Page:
Pennsylvania lawmakers have proposed legislation that would target troublesome aspects of artificial intelligence. With AI rapidly advancing, there is an increased urgency to introduce government regulation.

State Rep. Robert Merski, a Democrat who represents part of Erie County, has his eyes on one AI horror scenario that has become increasingly common: scam phone calls that use artificial deepfake technology to impersonate the voices of loved ones. 

AI-generated audio is more sophisticated than ever. A report from McAfee, a computer security company, found that scammers need only a few seconds of online audio to impersonate a voice and make it say anything they want — such as pleading for financial support after a supposed car crash or kidnapping. 

A mom in Arizona, for instance, had a few minutes of panic when she received a frantic call from what sounded like her teenage daughter being held by a kidnapper. Thankfully, the mom called 911 and did not agree to send tens of thousands of dollars in ransom to the supposed kidnappers. But a wide range of Americans are already victims of phishing schemes, and improved deepfake technology creates a new way for scammers to operate.

A proposed bill sponsored by Merski and state Rep. Chris Pielli, D-Chester County, would make it a first-degree misdemeanor to spread an AI impersonation of somebody without consent. The crime would rise to a third-degree felony if “the dissemination is done with the intent to defraud or injure another person.”

Merski read those stories of people receiving realistic-sounding calls from loved ones.

“I thought of senior citizens getting scammed with calls,” he said. “Imagine they were using their daughter’s voice or grandson’s voice.”

There is no easy way to stop and prosecute these sorts of scam calls, which often come from difficult-to-track international locations like Mexico, according to CNN. The McAfee report found that the AI technology can replicate a voice with 95% accuracy. 

Experts are working to create ways of identifying deepfakes, but with the technology advancing so quickly, it’s not an easy task, says Wei Gao, Ph.D., an associate professor who researches AI in the University of Pittsburgh’s Department of Electrical and Computer Engineering.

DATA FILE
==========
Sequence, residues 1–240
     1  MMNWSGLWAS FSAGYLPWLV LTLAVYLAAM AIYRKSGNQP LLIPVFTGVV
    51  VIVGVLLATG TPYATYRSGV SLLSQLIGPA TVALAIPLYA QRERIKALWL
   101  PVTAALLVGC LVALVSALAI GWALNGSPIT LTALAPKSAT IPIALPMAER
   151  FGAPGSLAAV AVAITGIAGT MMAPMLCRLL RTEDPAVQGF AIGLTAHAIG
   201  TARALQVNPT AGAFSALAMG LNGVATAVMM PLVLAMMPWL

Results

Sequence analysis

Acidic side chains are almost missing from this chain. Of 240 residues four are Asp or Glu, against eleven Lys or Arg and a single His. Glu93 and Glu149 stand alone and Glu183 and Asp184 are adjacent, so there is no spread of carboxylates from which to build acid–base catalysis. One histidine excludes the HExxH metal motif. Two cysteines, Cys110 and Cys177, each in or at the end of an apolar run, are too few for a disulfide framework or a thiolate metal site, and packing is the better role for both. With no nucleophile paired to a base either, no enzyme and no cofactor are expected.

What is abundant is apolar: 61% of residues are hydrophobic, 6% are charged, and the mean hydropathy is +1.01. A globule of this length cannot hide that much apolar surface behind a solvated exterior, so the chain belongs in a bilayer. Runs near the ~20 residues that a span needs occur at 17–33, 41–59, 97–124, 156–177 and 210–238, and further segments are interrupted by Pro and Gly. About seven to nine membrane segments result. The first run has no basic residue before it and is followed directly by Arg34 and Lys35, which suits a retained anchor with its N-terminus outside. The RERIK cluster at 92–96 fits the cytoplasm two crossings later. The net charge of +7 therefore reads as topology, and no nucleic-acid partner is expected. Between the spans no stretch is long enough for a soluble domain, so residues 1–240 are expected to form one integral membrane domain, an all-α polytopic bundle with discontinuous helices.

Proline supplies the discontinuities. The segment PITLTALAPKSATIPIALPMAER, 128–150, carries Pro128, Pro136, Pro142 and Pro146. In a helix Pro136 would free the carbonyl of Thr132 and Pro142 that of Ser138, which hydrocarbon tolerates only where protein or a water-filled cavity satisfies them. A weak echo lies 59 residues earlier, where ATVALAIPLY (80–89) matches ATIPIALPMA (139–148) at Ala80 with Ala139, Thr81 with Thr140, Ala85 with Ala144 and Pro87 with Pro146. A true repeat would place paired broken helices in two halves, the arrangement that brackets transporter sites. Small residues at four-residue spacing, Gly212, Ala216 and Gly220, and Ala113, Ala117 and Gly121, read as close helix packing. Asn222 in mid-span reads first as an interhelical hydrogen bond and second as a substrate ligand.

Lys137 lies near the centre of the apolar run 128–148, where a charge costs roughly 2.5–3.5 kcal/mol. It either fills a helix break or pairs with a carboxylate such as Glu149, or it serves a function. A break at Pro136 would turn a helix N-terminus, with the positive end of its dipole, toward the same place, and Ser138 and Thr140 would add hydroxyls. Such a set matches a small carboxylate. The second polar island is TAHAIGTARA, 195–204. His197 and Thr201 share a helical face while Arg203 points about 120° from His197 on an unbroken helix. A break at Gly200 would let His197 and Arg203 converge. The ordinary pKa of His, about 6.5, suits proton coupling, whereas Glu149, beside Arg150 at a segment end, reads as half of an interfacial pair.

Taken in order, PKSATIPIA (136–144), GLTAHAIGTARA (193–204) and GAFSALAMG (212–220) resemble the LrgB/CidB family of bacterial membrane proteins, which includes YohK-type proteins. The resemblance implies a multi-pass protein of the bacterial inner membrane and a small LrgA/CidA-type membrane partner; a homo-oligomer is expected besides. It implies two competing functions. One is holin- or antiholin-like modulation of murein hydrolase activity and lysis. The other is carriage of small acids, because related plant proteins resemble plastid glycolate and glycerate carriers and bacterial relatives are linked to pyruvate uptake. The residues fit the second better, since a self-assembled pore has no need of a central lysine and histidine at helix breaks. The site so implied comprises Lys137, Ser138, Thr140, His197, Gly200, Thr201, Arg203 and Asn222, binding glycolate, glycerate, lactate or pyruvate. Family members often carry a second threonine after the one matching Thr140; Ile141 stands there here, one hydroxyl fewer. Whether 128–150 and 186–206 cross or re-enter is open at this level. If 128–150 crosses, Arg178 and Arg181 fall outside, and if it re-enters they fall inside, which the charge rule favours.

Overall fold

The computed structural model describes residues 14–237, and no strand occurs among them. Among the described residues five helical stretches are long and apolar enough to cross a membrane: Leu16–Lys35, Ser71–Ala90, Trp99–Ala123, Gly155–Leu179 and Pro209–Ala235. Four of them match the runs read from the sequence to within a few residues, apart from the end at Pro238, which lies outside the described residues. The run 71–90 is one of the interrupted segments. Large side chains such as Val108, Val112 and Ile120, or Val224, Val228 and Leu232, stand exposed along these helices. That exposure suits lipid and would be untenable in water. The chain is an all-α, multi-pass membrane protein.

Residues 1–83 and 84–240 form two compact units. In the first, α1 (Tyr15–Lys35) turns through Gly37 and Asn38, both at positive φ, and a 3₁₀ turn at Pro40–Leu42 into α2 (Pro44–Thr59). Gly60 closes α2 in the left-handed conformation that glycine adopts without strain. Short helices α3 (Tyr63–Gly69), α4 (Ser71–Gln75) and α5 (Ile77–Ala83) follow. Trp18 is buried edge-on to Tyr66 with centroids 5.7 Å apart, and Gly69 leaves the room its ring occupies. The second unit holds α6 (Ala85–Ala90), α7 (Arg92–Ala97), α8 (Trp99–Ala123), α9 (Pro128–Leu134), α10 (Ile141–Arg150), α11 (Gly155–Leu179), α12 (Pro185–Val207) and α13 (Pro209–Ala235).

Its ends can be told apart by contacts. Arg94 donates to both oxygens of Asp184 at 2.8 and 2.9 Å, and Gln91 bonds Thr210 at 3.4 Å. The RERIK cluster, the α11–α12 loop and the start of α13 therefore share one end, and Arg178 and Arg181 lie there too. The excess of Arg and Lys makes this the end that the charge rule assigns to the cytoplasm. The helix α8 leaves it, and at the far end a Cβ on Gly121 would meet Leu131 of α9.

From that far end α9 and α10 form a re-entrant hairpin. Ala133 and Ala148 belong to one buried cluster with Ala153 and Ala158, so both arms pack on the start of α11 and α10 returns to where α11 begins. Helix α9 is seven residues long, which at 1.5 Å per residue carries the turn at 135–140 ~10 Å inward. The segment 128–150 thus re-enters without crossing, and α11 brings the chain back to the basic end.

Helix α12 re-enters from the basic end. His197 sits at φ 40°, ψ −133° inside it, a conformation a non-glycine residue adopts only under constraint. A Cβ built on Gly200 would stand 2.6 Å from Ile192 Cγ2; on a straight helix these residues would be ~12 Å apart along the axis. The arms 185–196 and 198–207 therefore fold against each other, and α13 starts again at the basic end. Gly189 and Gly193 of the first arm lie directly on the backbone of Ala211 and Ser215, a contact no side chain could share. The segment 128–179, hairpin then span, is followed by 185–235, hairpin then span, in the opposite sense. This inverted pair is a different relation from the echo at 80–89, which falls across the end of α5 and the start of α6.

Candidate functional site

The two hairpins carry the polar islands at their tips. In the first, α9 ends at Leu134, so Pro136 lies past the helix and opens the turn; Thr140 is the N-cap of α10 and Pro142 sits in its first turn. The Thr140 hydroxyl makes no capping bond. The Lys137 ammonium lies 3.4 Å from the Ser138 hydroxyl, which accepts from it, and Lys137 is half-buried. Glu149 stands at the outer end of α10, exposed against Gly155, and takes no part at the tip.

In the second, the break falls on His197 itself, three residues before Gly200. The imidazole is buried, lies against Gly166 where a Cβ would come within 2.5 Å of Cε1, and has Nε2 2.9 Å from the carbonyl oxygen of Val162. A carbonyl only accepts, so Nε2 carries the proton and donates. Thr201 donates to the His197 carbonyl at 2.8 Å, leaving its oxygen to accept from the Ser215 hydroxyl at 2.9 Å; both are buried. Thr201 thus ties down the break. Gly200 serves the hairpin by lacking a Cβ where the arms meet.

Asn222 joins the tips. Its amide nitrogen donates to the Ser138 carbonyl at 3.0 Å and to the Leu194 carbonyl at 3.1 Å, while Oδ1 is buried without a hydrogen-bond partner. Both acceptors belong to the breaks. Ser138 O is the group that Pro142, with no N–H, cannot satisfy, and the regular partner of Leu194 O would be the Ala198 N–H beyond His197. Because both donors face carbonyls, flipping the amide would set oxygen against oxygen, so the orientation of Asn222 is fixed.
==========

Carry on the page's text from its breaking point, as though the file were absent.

“There’s always a battle between the spear and the shield,” he said. AI “attackers” will always push to find a way around barriers.

One way to identify fake videos or audio is through digital “watermarks,” Gao said, noting that those watermarks will have to become increasingly sophisticated to combat fakes. He suggested a standardized watermark system for publicly distributed video or audio, similar to the way currency is printed. 

Murat Akcakaya, Ph.D., an associate professor who studies machine learning in the same department as Gao, agreed that some sort of standardization is key to regulating deepfakes. He noted that using secure encryption technology when people consume online media or receive a message could help flag fakes. 

Forcing users to authenticate themselves online could aid in tracking the spread of fake news and phishing schemes, but Akcakaya pointed out that there will be free speech and privacy-based opposition to any legislation in that form. 

Merski acknowledged the challenges. He sees anti-deepfake legislation as a first step — and supports further fact-finding missions to get a handle on AI’s capabilities and what the government can do.

“It’s not an exact science now. I don’t think anyone imagined it would be at the level it is now,” Merski said.

He’s a sponsor of a wider-ranging bill that would establish an advisory committee to study AI. The committee, consisting of engineers, academics and other experts, would be tasked with creating a report assessing “the development and use” of AI and making recommendations to the legislature on how best to approach regulation. Merski hopes the Pennsylvania House passes the two bills when legislators return in the fall.

The federal government also has started looking at ways to counter the potentially dangerous aspects of AI. U.S. Sen. Bob Casey, D-Pa., introduced a bill in late July that would restrict employers’ ability to rely on AI in hiring practices, forcing companies to use human checks on AI decision-making. U.S. Rep. Joe Morelle, a Democrat from New York, introduced legislation in May that would outlaw the nonconsensual sharing of intimate deepfake images. 

The potential impacts of AI are too numerous to tackle in one sweep. Merski said other impacts of deepfakes could prove concerning, such as false advertising and campaign fraud. To start, though, he is aiming for the “low-hanging fruit” of consumer protection from deepfake scams.

“I just think we have to get in front of this now,” he said.

Harrison, a rising senior at Denison University, is a Union Progress summer intern. Email him at

Harrison Hamm

Harrison, a rising senior at Denison University, is a Union Progress summer intern. Email him at